I ‘footnote’ Kathy constantly in my mat class. I think the premise I use most often, is the combination of rib cage breathing and transverse abdominus contraction or ‘doming’ as Kathy would call it. I start every class with clients on their stomachs just breathing and accessing and coordinating stability, release and breath.
Karen Gstalder-Dring Bio
Karen Gstalder-Dring MSPT, graduated from Tisch School of the Arts and danced professionally for six years. After an injury in 1986, she met Elder Kathy Grant and began what would become a lifelong journey practicing and teaching Pilates. Along the way Karen earned a Masters degree in Physical Therapy. Since 2000, Karen has run her own private practice where she combines her kinesthetic background with her manual skills in a Pilates-based rehabilitative setting. Karen currently lives in Westchester where she runs KGD Studio, which provides physical therapy, Pilates, yoga, massage and acupuncture.
What made you go to KSG in the first place? How long did you stay?
I was a first-year dance student at Tisch school of the arts at NYU, I had developed bilateral ankle tendonitis. The faculty sent me up to see Kathy at Bendel’s 3 times a week at 7:30am before dance classes started. Kathy made me do mat work with the weighted shoes for the first 4 months before I was deemed strong enough to begin the machines. I continued my early morning appointments all the way through my remaining 2.5 years at Tisch. Kathy lost her lease at Bendel’s the spring that I graduated so I moved on to study with Jean Claude West. By that fall, ‘88 Tisch had hired Kathy. I returned to study with Kathy on and off for the next 20 plus years while I danced.
Did KSG ever make up an exercise for you? If so, what was it? Do you still do it?
I think because Kathy tailored an exercise so much for each individual person, she often made you feel like she was making an exercise up for you. I felt that way about the Horseback on the standing barrel. She would shove that ‘squooshy world ball’ in my crotch and have me lift up off of it. I don’t have a tall barrel in my own studio, but I sometimes adapt that exercise on a physioball for myself. That reminds me, I had to laugh when I gave Kathy her first physioball at a time when she was experiencing a lot of pain (was it hip? I don’t remember). I gave it to her so that she could sit and be more involved in her poking a prodding than what she was able to do from her stool in the corner. I returned a month later and she had created over half a dozen exercises with the ball. So much for her new chair...
Is there something in your movement practice or teaching practice that came from or evolved from a movement or a image from Kathy Grant?
I feel like I am inspired by Kathy daily! While I was studying to become a PT, I went through a painful phase of questioning everything I had known and taught up to that point. As I integrated my new medical paradigm, I recognized that I needn’t throw any past information away. In fact, I am frequently reminded what a self-taught genius Kathy was. I ‘footnote’ Kathy constantly in my mat class. I think the premise I use most often, is the combination of rib cage breathing and transverse abdominus contraction or ‘doming’ as Kathy would call it. I start every class with clients on their stomachs just breathing and accessing and coordinating stability, release and breath.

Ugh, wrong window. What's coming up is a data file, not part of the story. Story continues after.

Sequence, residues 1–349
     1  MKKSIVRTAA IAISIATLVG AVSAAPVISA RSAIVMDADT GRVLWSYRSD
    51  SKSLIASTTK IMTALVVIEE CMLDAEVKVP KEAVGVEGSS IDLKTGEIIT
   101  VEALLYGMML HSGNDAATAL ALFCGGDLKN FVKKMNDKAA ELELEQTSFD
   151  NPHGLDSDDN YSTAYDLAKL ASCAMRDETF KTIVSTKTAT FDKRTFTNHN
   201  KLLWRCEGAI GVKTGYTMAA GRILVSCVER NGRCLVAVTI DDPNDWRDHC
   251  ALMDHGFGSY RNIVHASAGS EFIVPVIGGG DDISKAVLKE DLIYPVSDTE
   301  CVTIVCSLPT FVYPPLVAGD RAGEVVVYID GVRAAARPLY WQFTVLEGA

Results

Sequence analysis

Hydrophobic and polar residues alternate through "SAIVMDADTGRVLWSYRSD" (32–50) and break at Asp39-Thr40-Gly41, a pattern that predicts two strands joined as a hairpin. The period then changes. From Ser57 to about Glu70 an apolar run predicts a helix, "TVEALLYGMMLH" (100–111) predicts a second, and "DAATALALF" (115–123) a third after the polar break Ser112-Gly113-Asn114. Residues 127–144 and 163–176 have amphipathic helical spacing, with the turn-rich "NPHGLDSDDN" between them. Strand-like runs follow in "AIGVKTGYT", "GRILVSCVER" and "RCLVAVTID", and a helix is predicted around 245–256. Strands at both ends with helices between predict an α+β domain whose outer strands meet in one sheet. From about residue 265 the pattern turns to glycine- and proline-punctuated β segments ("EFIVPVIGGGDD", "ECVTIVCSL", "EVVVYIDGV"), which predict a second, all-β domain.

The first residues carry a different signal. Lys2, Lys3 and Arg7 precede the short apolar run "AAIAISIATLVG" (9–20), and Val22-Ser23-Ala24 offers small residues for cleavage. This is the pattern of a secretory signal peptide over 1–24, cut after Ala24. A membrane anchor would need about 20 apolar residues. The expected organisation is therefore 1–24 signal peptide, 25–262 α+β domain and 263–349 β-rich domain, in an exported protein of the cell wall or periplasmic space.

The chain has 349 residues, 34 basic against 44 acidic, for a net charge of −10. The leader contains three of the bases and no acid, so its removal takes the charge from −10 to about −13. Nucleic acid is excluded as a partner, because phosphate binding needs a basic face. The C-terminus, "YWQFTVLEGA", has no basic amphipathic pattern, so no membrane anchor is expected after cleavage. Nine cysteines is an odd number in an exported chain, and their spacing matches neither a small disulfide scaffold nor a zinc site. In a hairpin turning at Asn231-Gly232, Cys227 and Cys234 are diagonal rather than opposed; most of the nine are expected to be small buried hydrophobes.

Do you recall a correction she gave to you? Or some comments she
had about you and your body?
Just how weak I was (and I was!) Sometimes I felt like I would spend 20 minutes just finding my ‘green room’ sit ups. I can still hear “What was that?” when I work out. She also would hound me on breathing. Her telephone sit ups were so ahead of her time….
Do you have a personal memory or story you would like to share?
Oh, some are too personal. But I still can see her gnarled hands furiously wrapped around my feet as she guided my ankles over small balls. I called this work ‘voodoo balls’. I think it had evolved from work on Christine Wright’s ankles? I was in awe of the magic behind it. Now, I realize how the passive and the active assisted range of motion coupled with my mental practice or imagery helped improve my motor planning and create new neural pathway. Again, so amazing how intuitive she was. Her dedication to us and our success was so inspiring.
What do you think is an important thing for people to remember about
How intuitive and dedicated she was. How she embraced new ideas and other perspectives more and more as she aged.
How do you think Kathy would feel about the current atmosphere of
the Pilates world?
I think she would be happy with the growth and sharing of information. She was very supportive of the work evolving.
If you could ask Kathy one more question, or say one more thing to her, what would it be?
That I loved her.
How do you think Kathy would want to be remembered today? Or what do you think Kathy Grant's legacy is?
Kathy was extremely humble but at the same time a proud woman. I think it was important to her for us to remember that she was a black woman who grew up in a segregated country. I remember so clearly when she was slated to speak at a PMA conference and withdrew because it took her out of state during the primaries. When asked about considering an absentee ballot she was aghast. I realized then how I really couldn’t imagine all that she had lived through.
I think that her work lives on in all of us who studied with her. As with her experience with Joe, she tailored the work for each of our unique bodies. Her legacy is in her creative ‘pre-Pilates’ mat exercises, her zany verbal cues and imagery, her intuitive sense of anatomy, kinesiology and physiology, and her zeal for her students to excel.